The Musée Rodin in Paris is scouting sites for a Chinese outpost, which would be supported by the French culture ministry China’s State Administration of Cultural Heritage, and a leading Chinese collector of European art, Chinese media reports.
Earlier this month the museum’s director Catherine Chevillot and a team toured Shenzhen in the Guangdong province, Hangzhou in Zhejiang province, and Xiong’an New Area in Hebei province (a new urban district outside of Beijing), looking for a suitable location for the museum.
Chevillot also held a meeting with Chinese museum directors, sculptors and academics at Zhejiang University on Saturday, during which she said that the last word on where the museum will go depends on the views of the French culture ministry.
For an initial period of six years, the Musée Rodin plans to lend more than 100 works by Auguste Rodin from its collection to the new museum, with the hope that the Chinese branch will eventually build its own collection of the French sculptor’s work.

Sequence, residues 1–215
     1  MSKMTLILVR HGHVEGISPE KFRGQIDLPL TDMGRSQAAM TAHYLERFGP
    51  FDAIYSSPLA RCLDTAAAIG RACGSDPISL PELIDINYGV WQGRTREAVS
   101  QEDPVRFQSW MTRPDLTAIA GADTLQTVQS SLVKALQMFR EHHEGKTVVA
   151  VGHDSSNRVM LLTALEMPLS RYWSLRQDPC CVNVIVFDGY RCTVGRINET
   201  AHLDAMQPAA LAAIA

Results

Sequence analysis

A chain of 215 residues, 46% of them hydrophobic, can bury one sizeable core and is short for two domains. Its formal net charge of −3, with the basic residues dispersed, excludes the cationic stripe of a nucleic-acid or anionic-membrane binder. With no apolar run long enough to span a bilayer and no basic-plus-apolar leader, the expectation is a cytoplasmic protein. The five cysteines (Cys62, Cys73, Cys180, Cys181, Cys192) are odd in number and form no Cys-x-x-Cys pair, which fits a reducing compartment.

“It’s not a project where we simply loan the work and then leave. It’s a deep cultural cooperation,” Chevillot reportedly said.
The new museum will be headed by Wu Jing, a friend of Chevillot’s and a collector who already runs her own private European Art Museum in Hangzhou. Wu, who owns two pieces by Rodin already, hopes to woo private collectors of the artist’s work and gain the support of the French museum in negotiations to acquire work for the future museum. In the meantime, important works such as The Gates of Hell, The Age of Bronze and Balzac, as well as a plaster cast of Rodin’s most famous work, The Thinker, will travel to China. Temporary shows staged at the French museum will also tour to the sister location.
artnet News reached out to the Musée Rodin and the French culture ministry but has yet to hear back by time of publication.
The Paris museum was founded in 1919 with a collection Rodin donated to the state, comprising sculptures and drawings by the artist himself but also work produced by contemporaries, and a smattering of ancient art including some Chinese art. It has an additional site in the French town of Meudon in Rodin’s former home, the Villa des Brillants, which along with the Paris location attracts 700,000 visitors yearly.
Last year, the Centre Pompidou in Paris finalized a deal to launch of its first Chinese outpost in Shanghai. Due to open by 2019, the French institution plans to stage exhibitions in the David Chipperfield-designed West Bund Art Museum, initially for a five-year period.
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